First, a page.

Kidneys, the pair of bean-shaped organs in the lower abdomen, help remove excess water and waste from the body. Kidney diseases such as kidney infections, kidney stones, renal failure and kidney cancer affect the healthy functioning of these organs. In fact, the National Kidney and Urologic Diseases Information Clearinghouse estimates that more than 10 percent of the American population 20 years or older has chronic kidney disease. Apart from medications and surgery, garlic may also help manage kidney diseases. Talk to your doctor to find out if garlic is right for you.
Garlic as Medicine
Garlic, or Allium sativum, is a small, perennial plant native to central Asia. The cloves from the bulbs of the plant are traditionally used as a spice and flavoring agent in many cultures around the world. Garlic contains a chemical compound known as allicin that gives it immense medicinal value. The common cold, infection, heart disease and certain cancers are just some of the conditions that may be treated using fresh garlic or garlic supplements, available in powder, capsule, oil and liquid extract form. Their appropriate form and dose varies, depending on your age and overall health. Talk to your doctor to establish a regimen that is right for you.
Role in Kidney Health
The biologically active components of garlic can inhibit the production of blood pressure-enhancing hormones by the kidneys. They can also lower the reabsorption of salts by the kidneys and increase urine production. All these mechanisms may help reduce high blood pressure, says Dr. James Scala, author of the book “Twenty-Five Natural Ways to Lower Blood Pressure.” A study published in a 2008 issue of the journal “Pharmacological Reports” also reveals that garlic can significantly lessen kidney damage associated with mercury chloride exposure in laboratory animals. Mercury chloride -- used in disinfectants, insecticides, batteries, wood preservatives and other products you may come in contact with daily -- is a potential carcinogen, although its effects have not been proven conclusively in humans. Another study in the February 2001 issue of the journal “Food and Chemical Toxicology” points out that low doses of garlic may increase the antioxidant status of kidneys and protect them from free radical-mediated damage. The authors of the study, however, point out that high doses of the herb may have the opposite effect, and thereby emphasize that more research has to be done determine a safe dosage range for garlic.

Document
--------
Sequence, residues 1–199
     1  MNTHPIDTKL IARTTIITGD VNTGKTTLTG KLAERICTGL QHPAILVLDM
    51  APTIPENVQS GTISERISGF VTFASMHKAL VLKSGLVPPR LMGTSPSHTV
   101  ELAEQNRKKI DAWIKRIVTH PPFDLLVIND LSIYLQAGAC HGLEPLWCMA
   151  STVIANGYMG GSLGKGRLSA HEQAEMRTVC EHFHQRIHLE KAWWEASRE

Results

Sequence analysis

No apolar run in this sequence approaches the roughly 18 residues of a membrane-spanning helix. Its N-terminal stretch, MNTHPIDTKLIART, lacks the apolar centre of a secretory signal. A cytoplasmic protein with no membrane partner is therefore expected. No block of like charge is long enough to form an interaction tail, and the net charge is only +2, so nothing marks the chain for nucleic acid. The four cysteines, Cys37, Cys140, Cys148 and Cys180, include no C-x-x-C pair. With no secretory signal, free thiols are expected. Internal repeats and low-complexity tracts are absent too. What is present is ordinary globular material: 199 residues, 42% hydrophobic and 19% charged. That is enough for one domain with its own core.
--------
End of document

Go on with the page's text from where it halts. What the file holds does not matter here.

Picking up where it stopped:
Garlic has been used in food for centuries and is generally considered safe, but some side effects, such as bloating, upset stomach, bad odor and skin lesions, have been reported occasionally. Garlic supplements may also interfere with certain blood-thinning and HIV medications. Ask your doctor if garlic supplements will interfere with the medications you take.
Although garlic supplements are available at most natural food stores and can be bought without a prescription, you must talk to your doctor before using garlic supplements to promote kidney function. Remember that the U.S. Food and Drug Administration does not regulate the garlic supplements sold in the United States. So, make sure that the product you intend to use has been tested for safety by an independent testing agency.
- National Kidney and Urologic Diseases Information Clearinghouse: Kidney and Urologic Diseases Statistics for the United Statesrel="nofollow"
- Twenty-Five Natural Ways to Lower Blood Pressure; James Scala; 2001
- Pharmacological Reports: Comparative Evaluation of the Protective Effect of Selenium and Garlic Against Liver and Kidney Damage Induced by Mercury Chloride in the Ratsrel="nofollow"
- Food and Chemical Toxicology: Garlic-Induced Alteration in Rat Liver and Kidney Morphology and Associated Changes in Endogenous Antioxidant Statusrel="nofollow"
- University of Maryland Medical Center: Garlicrel="nofollow"
- Zedcor Wholly Owned/PhotoObjects.net/Getty Images
This article reflects the views of the writer and does not necessarily reflect the views of Jillian Michaels or JillianMichaels.com.